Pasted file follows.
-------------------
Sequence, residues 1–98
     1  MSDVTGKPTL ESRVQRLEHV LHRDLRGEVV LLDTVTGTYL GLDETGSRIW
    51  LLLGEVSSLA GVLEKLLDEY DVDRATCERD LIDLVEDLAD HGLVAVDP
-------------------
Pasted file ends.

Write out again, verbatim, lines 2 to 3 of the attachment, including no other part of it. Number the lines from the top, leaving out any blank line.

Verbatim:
     1  MSDVTGKPTL ESRVQRLEHV LHRDLRGEVV LLDTVTGTYL GLDETGSRIW
    51  LLLGEVSSLA GVLEKLLDEY DVDRATCERD LIDLVEDLAD HGLVAVDP